Lincoln Speaks Online Exhibition: Documents

In the trenches

A dead Confederate soldier in the trenches of Fort Mahone, also known as “Fort Damnation,” Virginia, 1865

Confederate soldier

Photograph, Confederate soldier killed at Petersburg, Virginia, 1864.

Union dead

Union soldiers killed while charging a Confederate artillery battery at Antietam, Maryland, 1862.

Thirteenth Amendment to the Constitution

The Thirteenth Amendment, abolishing slavery, was the only ratified constitutional amendment signed by a president. The Constitution does not require a president’s signature; an amendment needs to be approved only by two thirds of both houses of Congress and ratified by three fourths of the states. With his signature, Lincoln emphatically signaled to the world […]

Mill’s Reaction to the Assassination

During the Civil War, the British philosopher and economist J. S. Mill wrote extensively in support of the North. In “The Contest in America” (1862), Mill argued: “The world knows what the question between the North and South has been for many years, and still is. Slavery alone was thought of, alone talked of. Slavery […]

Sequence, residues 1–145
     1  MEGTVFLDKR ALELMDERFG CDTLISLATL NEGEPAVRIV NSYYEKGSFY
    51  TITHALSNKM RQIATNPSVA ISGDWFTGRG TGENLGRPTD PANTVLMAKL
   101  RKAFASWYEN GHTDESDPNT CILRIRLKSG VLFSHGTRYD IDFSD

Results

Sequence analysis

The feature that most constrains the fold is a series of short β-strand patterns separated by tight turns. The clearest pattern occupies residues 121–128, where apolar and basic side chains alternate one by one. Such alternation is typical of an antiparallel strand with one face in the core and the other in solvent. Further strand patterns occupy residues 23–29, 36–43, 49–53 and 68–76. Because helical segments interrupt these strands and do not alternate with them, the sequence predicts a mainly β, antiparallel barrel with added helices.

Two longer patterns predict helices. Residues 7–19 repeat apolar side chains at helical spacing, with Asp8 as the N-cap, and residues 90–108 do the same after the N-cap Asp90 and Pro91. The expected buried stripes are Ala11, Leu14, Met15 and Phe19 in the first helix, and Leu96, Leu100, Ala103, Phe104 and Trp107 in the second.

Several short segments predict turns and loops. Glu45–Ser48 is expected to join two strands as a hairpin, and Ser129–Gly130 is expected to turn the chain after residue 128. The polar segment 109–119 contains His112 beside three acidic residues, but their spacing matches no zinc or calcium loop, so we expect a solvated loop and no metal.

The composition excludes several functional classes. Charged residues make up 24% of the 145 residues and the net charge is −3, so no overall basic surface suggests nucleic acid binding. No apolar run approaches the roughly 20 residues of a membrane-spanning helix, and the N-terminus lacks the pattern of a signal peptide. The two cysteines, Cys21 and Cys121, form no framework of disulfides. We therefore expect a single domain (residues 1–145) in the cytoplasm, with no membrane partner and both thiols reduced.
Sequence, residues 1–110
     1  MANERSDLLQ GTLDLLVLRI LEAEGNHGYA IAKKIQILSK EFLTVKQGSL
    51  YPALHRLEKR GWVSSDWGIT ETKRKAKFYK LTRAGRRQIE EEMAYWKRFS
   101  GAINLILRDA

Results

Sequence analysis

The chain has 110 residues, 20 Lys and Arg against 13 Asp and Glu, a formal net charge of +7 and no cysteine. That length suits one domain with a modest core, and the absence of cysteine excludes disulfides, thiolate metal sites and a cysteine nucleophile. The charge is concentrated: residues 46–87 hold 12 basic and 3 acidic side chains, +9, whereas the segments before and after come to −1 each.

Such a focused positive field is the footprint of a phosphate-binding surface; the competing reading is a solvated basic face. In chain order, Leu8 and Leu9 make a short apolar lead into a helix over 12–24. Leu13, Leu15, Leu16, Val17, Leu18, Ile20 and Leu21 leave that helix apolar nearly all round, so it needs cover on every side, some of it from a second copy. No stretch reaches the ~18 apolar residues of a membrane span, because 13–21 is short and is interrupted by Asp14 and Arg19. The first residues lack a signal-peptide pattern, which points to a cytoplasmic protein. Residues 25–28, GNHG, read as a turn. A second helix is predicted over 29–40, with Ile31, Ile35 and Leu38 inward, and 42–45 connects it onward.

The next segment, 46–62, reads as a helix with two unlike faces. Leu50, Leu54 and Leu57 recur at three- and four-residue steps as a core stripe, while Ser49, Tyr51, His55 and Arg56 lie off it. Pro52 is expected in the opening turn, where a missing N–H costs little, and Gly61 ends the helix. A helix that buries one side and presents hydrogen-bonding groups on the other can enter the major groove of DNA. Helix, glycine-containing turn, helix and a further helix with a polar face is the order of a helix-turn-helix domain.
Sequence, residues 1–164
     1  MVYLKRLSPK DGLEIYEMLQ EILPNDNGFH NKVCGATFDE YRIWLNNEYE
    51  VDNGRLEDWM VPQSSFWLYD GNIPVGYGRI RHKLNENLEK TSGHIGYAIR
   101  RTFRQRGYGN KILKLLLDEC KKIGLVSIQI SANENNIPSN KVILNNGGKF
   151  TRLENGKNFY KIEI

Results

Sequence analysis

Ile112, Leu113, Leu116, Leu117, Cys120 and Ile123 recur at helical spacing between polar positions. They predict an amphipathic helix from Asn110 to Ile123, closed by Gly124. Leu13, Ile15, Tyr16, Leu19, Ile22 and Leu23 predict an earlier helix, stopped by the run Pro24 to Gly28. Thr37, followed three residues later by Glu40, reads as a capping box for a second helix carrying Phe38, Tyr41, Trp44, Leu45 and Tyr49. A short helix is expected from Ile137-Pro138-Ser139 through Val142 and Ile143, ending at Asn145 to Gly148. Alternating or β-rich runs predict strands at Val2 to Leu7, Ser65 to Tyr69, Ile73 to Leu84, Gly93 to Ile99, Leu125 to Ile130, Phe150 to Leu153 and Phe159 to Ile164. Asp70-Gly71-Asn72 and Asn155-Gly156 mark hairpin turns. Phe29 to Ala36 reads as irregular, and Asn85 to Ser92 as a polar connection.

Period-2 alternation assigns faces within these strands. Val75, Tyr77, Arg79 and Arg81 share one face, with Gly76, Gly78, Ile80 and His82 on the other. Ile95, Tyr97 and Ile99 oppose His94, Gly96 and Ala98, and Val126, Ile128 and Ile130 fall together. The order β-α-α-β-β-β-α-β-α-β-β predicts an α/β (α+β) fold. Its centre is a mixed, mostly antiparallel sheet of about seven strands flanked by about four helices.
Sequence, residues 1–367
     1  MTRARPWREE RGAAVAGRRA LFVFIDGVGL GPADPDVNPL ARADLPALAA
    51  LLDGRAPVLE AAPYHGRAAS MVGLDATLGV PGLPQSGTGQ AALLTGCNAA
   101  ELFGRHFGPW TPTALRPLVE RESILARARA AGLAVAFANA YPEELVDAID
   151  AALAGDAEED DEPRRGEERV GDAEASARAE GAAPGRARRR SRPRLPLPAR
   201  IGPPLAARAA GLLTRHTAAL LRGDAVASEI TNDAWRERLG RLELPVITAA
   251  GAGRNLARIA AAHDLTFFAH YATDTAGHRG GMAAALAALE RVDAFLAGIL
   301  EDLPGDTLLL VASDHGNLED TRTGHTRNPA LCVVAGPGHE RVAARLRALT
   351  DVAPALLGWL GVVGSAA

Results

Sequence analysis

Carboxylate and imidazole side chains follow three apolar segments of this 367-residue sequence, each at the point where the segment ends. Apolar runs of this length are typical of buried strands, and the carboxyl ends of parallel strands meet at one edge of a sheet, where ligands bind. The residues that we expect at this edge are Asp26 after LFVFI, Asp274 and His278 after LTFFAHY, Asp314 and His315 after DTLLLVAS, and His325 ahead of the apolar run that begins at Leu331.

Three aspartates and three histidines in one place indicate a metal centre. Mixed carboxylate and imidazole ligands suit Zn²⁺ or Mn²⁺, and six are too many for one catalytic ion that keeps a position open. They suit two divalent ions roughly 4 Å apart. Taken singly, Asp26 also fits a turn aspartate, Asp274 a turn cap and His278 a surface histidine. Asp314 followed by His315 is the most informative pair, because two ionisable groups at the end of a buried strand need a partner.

Lincoln Offers Words of Comfort

The devastating losses of the Civil War made the composition of condolence letters one of Lincoln’s regular, dismal duties. He wrote this deeply felt letter to the twenty-two-year-old Fanny McCullough only ten months after the death of his son Willie. Lincoln offers words of solace on the death of McCullough’s father, telling her that “In […]

Lincoln’s Language Provokes Hostility

In Lincoln’s time, Americans were familiar with Lincoln’s opinions primarily through his printed speeches. As this vitriolic letter demonstrates, Lincoln’s words sometimes provoked raging anger among those who disagreed with his principles.

Lincoln Calls for a Black Regiment

In this terse memo to Secretary of War Edwin Stanton, Lincoln makes it clear he wants Stanton to help William Dole organize what would be the first regiment of African-American soldiers formed in Washington, DC. Coincidentally, in Boston, the Massachusetts 54th Infantry was mustered on the following day, 13 May 1863, and officially became the […]

O Captain! My Captain!

Lincoln’s assassination inspired Walt Whitman to write this poem of mourning. It is one of the few poems in which he used a conventional meter and rhyme scheme. His tribute became extremely popular at the time of its first publication, in 1865, and it was the only poem of Whitman’s to be anthologized during his […]

Lincoln Upholds Execution of a Condemned Slave Trader

This document stands out in the history of a man renowned for his mercy and willingness to forgive. His refusal to grant the condemned Nathaniel Gordon clemency for his capital crime made Lincoln the only American president to execute a slave trader. Predictably, Lincoln’s decision caused a huge public stir. The execution made an example […]